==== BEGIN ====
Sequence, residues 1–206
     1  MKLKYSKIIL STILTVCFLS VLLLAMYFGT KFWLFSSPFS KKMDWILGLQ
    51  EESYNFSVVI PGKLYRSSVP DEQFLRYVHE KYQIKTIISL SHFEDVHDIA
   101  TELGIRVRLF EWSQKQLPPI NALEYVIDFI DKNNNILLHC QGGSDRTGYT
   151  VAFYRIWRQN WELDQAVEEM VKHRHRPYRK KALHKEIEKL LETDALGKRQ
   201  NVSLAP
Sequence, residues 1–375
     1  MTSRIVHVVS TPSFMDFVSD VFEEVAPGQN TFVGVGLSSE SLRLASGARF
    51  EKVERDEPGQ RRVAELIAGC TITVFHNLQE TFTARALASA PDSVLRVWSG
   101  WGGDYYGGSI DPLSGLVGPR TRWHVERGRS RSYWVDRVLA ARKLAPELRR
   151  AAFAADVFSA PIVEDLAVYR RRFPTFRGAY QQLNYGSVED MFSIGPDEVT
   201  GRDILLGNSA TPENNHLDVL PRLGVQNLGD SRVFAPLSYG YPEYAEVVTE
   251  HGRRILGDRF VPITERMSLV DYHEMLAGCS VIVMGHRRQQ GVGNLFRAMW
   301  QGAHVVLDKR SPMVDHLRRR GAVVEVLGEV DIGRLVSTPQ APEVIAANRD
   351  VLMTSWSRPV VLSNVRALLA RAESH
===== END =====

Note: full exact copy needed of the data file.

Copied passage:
Sequence, residues 1–206
     1  MKLKYSKIIL STILTVCFLS VLLLAMYFGT KFWLFSSPFS KKMDWILGLQ
    51  EESYNFSVVI PGKLYRSSVP DEQFLRYVHE KYQIKTIISL SHFEDVHDIA
   101  TELGIRVRLF EWSQKQLPPI NALEYVIDFI DKNNNILLHC QGGSDRTGYT
   151  VAFYRIWRQN WELDQAVEEM VKHRHRPYRK KALHKEIEKL LETDALGKRQ
   201  NVSLAP
Sequence, residues 1–375
     1  MTSRIVHVVS TPSFMDFVSD VFEEVAPGQN TFVGVGLSSE SLRLASGARF
    51  EKVERDEPGQ RRVAELIAGC TITVFHNLQE TFTARALASA PDSVLRVWSG
   101  WGGDYYGGSI DPLSGLVGPR TRWHVERGRS RSYWVDRVLA ARKLAPELRR
   151  AAFAADVFSA PIVEDLAVYR RRFPTFRGAY QQLNYGSVED MFSIGPDEVT
   201  GRDILLGNSA TPENNHLDVL PRLGVQNLGD SRVFAPLSYG YPEYAEVVTE
   251  HGRRILGDRF VPITERMSLV DYHEMLAGCS VIVMGHRRQQ GVGNLFRAMW
   301  QGAHVVLDKR SPMVDHLRRR GAVVEVLGEV DIGRLVSTPQ APEVIAANRD
   351  VLMTSWSRPV VLSNVRALLA RAESH